I see route 21 (no C) from Erindale to Union at 4:36 am, 11:16 pm, 12:16 am and 1:16 am, and in the opposite direction, leaving Union at 5:40 am, 12:25 am, 1:20 am and 2:20 am.
Not much use for most riders. Working near Union, I'd frequently use it for business purposes, if I'd had to go to a meeting that was near a GO stop. The bus invariably went express from there to Union. Faster than driving, once you factor in finding a parking spot.

With the new schedule, I wouldn't be doing that any more.

I'm not sure why anyone is defending such extreme service cuts by Metrolinx. Sure, there were some downtown traffic problems. Many of which could have been fixed with a reserved lane or two around near the new bus terminal.
 
Without a double tracked West Highland Bridge the 2nd platforms at Agincourt and Milliken are useless. The crossovers are south of the bridge and north of Milliken. If this return to rush hour only service isn't to build the 2nd half of that bridge, I'm truly at a loss for understanding the construction staging.

That being said, I believe ReaperExpress has already pointed out that we are already a stones throw away from the ability to double capacity from 2 TPH to 4 TPH because of the basically complete double track section from south of West Highland Bridge to Kennedy. That can serve as a passing track like the section north of Milliken to Unionville. The problem is, as smallspy and others point out is we don't have the equipment or crews for that. What a coincidence that when weekend service ends on the Stouffville line it begins on the Kitchener.

The track/signalling capacity on LSE also seems to me to be questionable now that it's down to 2 tracks. Has anyone analyzed that? It's not uncommon for a NB Stouffville train on LSE to have to park itself for a few min to wait for a WB LSE train to pass in order to left turn at Scarborough Junction.

I remember back in 2018 right before the ON Libs were booted out that the refrain was that GO Expansion would deliver gradual increases, not just an explosion of service a decade later like the day a new subway arrives. That held reasonably true up until the pandemic. With that in the rear view mirror and ONCorr signed, it almost feels like the plan has shifted to drop the gradual increases and focus on delivering the final product instead, whatever that might be.
 
That being said, I believe ReaperExpress has already pointed out that we are already a stones throw away from the ability to double capacity from 2 TPH to 4 TPH because of the basically complete double track section from south of West Highland Bridge to Kennedy. That can serve as a passing track like the section north of Milliken to Unionville. The problem is, as smallspy and others point out is we don't have the equipment or crews for that. What a coincidence that when weekend service ends on the Stouffville line it begins on the Kitchener.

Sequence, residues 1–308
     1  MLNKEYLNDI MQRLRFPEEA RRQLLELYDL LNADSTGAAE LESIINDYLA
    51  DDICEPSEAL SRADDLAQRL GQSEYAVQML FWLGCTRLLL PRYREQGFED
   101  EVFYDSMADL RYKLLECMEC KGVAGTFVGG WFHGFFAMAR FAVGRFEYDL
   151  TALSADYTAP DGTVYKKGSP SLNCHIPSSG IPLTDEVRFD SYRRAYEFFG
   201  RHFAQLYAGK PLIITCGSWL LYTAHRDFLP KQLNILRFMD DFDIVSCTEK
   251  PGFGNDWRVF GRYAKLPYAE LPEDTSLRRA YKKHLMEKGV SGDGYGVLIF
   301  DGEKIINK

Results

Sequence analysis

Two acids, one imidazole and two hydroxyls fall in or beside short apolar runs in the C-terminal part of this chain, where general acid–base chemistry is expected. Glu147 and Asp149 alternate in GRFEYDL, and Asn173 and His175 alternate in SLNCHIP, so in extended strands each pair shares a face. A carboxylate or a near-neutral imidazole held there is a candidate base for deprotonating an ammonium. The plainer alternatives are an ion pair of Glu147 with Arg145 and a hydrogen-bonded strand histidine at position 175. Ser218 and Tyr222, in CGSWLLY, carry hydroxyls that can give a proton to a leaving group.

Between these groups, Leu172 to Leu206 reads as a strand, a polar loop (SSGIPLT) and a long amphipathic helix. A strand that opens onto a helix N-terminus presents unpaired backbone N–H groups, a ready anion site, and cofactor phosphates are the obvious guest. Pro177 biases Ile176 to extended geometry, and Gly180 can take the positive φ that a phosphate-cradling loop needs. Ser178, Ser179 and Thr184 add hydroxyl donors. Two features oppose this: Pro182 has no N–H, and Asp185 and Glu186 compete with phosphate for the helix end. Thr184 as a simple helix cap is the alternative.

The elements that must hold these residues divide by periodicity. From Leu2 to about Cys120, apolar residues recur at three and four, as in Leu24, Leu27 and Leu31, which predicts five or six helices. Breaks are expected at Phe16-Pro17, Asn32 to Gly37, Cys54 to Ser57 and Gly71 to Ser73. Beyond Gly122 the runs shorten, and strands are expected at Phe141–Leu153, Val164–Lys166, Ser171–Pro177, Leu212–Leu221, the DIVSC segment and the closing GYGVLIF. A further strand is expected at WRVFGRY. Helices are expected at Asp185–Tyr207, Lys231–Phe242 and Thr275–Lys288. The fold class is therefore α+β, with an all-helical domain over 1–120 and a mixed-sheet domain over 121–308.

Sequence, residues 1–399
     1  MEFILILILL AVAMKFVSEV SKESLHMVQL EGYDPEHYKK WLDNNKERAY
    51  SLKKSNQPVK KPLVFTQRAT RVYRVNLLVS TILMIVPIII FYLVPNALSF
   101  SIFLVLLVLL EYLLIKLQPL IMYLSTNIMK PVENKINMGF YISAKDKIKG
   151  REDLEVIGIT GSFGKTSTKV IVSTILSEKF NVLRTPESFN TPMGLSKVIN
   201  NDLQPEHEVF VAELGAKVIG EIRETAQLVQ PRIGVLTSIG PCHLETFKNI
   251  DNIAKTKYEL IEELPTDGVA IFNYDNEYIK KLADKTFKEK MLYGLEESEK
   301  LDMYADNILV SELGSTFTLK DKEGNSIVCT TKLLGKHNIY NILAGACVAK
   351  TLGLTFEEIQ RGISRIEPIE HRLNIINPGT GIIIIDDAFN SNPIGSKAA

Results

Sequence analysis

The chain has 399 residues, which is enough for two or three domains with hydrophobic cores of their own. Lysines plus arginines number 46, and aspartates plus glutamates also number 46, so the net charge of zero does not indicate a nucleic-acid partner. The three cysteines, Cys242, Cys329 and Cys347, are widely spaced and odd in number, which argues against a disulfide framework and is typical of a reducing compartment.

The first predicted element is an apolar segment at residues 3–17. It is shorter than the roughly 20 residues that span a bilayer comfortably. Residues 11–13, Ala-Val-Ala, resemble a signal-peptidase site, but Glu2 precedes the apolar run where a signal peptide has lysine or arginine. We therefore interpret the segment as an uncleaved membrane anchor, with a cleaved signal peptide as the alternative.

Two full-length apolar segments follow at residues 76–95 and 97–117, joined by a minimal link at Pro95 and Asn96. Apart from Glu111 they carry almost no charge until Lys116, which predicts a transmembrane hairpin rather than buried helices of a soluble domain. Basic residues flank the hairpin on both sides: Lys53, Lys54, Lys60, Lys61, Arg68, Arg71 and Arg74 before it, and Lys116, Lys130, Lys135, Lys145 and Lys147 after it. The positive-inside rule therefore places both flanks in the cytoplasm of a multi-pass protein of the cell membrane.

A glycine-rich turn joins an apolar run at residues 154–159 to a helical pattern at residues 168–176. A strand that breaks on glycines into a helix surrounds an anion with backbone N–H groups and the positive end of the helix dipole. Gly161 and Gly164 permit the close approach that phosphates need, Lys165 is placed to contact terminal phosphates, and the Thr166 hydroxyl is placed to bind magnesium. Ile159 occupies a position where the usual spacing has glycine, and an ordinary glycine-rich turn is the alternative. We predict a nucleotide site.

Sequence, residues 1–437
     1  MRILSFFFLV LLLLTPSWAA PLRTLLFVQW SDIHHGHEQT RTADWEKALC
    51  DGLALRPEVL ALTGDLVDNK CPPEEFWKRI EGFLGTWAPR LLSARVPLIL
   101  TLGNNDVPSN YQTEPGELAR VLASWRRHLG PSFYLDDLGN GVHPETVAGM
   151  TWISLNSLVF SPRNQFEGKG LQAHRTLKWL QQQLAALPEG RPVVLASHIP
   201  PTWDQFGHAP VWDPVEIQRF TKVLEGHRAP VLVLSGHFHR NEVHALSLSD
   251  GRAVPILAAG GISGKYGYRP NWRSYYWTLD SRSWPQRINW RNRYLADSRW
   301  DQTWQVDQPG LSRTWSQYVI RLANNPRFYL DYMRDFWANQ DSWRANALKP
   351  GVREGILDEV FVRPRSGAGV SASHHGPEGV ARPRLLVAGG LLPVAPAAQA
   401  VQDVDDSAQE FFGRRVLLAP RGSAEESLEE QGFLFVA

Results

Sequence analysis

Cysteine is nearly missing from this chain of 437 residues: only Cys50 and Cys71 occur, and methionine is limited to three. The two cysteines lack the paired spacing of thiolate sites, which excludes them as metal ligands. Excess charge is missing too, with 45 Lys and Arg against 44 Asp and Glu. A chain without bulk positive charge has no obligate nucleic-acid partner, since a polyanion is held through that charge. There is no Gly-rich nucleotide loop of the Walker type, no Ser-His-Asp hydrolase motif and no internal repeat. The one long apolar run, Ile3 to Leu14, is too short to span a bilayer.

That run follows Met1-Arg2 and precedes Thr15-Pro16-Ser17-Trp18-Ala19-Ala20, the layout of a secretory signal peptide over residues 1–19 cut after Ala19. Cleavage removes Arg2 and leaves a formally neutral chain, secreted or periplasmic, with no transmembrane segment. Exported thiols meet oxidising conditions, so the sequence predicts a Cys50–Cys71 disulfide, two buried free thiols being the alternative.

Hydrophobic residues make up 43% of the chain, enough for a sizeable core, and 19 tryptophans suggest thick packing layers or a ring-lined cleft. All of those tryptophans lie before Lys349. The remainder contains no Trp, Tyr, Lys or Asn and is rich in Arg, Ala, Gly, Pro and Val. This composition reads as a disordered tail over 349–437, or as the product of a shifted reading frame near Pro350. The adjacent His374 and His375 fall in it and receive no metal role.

It is puzzling that ML would not try to put in service the parts of the project that have been completed. My conspiracy theory on that is - they may not be ready to sign off on completion - which would trigger payments to the contractor - and may prefer to use non-payment as leverage to keep the contractor fixated on finishing the remaining work. Just a theory. Or perhaps the project is held up by new developments anyways…. see below.

Crew availability rather than equipment is definitely an issue. So long as there is equipment laying over off peak, there is no added need for equipment, but additional crews would be needed, and those are known to be in short supply.

The track/signalling capacity on LSE also seems to me to be questionable now that it's down to 2 tracks. Has anyone analyzed that? It's not uncommon for a NB Stouffville train on LSE to have to park itself for a few min to wait for a WB LSE train to pass in order to left turn at Scarborough Junction.

The whole design strategy for East Harbour construction only emerged long after the LSE and Stouffville expansion procurement was launched. I can’t fault Ml for that change, (although they did a U-turn on Scarborough Junction, which probably wasted time and effort) but yes, so long as there are only two tracks through East Harbour, the whole Stouffville expansion is moot. Perhaps that factors into why Ml appears to have fallen behind with work on the Stouffville line.

This speaks to just how interconnected the whole network expansion is, and how one choke point can hold up the whole network expansion. All the more reason why there should be public transparency around the overall schedule and any hold points that emerge. ML’s communications have never indicated a change to schedule - heck, they never put out a schedule in the first place.